Now his story is not all about success – in fact, his first chapter is entitled “Failure.” Greg’s sister Christa had died of a massive seizure on her 23rd birthday. As a tribute to her he declared that he would climb K-2, the summit most climbers consider the toughest to reach on Earth, and leave Christa’s necklace wrapped in a Tibetan prayer flag there at 28,267 feet. He was an experienced climber and felt totally prepared for the journey. After all, he had summated Kilimanjaro at age eleven and had even made several successful Himalayan ascents. He came close, but on September 2, 1993, the summit had receded into the mist and he was separated from the climbing party and the trail. He had already struggled for 78 days at high altitudes, and he felt like a “faint, shriveled caricature of himself.” He knew he had failed – and not only failed, but may not make it back alive.
You’ll have to read the book to get the details – but the good news is that he eventually wandered into the village of Korphe. As noted in the children’s story, these good folks took him in and nursed him back to health. And before he left, he vowed to return to build them a school.
Now Greg Mortenson was not a rich man. In fact, Mortenson lived basically out of a storage room. His love for climbing meant that he would work as an emergency room nurse, save money for an expedition, and then spend that money. How in the world was someone like him going to keep his promise to the people of Korphe? He began a letter writing campaign to folks who COULD afford to help and explained his goal. He typed (on a typewriter) 580 letters and got one small check. Mortenson’s mom was an elementary school principal and suggested he come to talk to the children at her school. He wasn’t asking for a donation – but the children and their teachers decided to bring in pennies for a 6 week period of time to help him build this school. And the children collected 62, 345 pennies. That check his mom sent from the children for $623.45 represented to him the first step toward building the school – and it came from children. Later he connected with another mountain climber, Jean Hoerni, who had accumulated a lot of wealth in his lifetime – but did not part with it easily. Mortenson told him he had estimated that it would cost 12 thousand dollars to build the school and Hoerni sent him a check. Even so, for a long time it seemed it would not happen. Mortenson’s story is like a slow dance with two steps forward and one step back. But he learned along the way to do this slow dance with grace – and that is another compelling part of his story.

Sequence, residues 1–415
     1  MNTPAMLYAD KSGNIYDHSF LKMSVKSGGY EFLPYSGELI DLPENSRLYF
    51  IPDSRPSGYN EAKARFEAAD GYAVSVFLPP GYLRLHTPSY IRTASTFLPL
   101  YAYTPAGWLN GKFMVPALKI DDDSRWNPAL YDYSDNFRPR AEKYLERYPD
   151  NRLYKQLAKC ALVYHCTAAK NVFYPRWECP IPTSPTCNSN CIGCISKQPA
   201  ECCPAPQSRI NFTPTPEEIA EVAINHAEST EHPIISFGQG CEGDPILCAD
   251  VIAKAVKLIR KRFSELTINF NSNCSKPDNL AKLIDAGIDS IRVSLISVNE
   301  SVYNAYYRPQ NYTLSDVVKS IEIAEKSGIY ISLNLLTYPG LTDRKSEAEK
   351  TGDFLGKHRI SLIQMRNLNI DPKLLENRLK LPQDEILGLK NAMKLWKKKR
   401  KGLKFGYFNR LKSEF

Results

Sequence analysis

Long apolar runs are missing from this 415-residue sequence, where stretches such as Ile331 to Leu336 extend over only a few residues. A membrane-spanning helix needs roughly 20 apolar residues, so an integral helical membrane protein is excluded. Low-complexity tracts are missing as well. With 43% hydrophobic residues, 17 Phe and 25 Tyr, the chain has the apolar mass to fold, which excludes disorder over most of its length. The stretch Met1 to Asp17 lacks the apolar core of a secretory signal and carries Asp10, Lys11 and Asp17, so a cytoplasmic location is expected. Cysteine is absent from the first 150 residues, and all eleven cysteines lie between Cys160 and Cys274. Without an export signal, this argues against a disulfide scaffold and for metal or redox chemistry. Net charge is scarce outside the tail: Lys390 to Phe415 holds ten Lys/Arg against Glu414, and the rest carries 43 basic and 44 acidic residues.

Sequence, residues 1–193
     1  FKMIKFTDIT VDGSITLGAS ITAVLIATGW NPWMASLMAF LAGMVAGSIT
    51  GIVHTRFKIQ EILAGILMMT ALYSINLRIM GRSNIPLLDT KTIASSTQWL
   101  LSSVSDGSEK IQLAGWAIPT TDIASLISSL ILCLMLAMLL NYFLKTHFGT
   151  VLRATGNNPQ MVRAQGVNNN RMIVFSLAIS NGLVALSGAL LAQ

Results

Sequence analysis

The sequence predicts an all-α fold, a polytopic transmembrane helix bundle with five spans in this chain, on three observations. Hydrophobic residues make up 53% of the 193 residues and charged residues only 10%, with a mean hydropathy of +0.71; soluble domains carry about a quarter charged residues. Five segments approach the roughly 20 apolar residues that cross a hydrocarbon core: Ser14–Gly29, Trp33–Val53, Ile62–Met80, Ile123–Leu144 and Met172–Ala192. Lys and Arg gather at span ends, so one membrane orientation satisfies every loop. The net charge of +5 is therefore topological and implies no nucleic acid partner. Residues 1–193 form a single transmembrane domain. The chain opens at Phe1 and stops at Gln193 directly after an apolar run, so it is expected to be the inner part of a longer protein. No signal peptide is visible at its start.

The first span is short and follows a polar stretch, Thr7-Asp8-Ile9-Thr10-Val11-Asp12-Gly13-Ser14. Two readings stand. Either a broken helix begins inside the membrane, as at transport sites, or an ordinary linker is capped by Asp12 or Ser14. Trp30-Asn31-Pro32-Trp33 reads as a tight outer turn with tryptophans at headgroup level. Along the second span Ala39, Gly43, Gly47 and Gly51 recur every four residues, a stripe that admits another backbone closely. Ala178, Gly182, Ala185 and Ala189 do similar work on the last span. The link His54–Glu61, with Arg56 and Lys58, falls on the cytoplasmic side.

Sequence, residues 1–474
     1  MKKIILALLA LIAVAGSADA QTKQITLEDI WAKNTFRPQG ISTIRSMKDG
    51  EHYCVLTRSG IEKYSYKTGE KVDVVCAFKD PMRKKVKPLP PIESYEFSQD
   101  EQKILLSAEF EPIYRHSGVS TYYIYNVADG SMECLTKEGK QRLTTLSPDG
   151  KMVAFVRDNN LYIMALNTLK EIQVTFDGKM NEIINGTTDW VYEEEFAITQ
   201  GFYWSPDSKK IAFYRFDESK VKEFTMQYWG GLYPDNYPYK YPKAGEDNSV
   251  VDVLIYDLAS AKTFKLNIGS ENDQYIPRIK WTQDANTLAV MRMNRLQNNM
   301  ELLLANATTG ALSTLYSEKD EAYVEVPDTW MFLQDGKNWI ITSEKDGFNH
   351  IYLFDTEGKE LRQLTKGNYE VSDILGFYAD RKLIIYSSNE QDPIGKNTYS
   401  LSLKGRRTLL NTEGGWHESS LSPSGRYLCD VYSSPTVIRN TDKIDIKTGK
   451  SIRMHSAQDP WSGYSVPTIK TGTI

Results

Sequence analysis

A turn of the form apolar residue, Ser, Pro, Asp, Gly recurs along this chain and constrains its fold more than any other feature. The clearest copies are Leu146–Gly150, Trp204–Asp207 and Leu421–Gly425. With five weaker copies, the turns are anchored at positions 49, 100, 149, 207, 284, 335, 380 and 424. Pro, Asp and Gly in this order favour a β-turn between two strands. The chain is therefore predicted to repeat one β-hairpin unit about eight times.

One of the lessons that Mortenson learned was the necessity of getting to know folks and conforming to their culture in doing so. Part of that culture included the drinking of tea – and he drank loads of it in the process of building this school. The book is called “Three Cups of Tea” because of the ritual used by the people in that region. Haji Ali, the Korphe Village Chief said:
“Here (in Pakistan and Afghanistan), we drink three cups of tea to do business, the first you are a stranger, the second you become a friend, and the third, you join our family, and for our family we are prepared to do anything – even die.”
While he was getting ready to build the school at Korphe, other villages insisted he visit them and loaded him up on tea and food – trying to convince him that the school should go in their village instead. And Mortenson learned of the great need – not just for education – but for an education that was balanced. There were schools going up in the regions – in fact a great many schools have been built there in the last decade. But these schools are built by the Wahhabi sect from Saudi Arabia.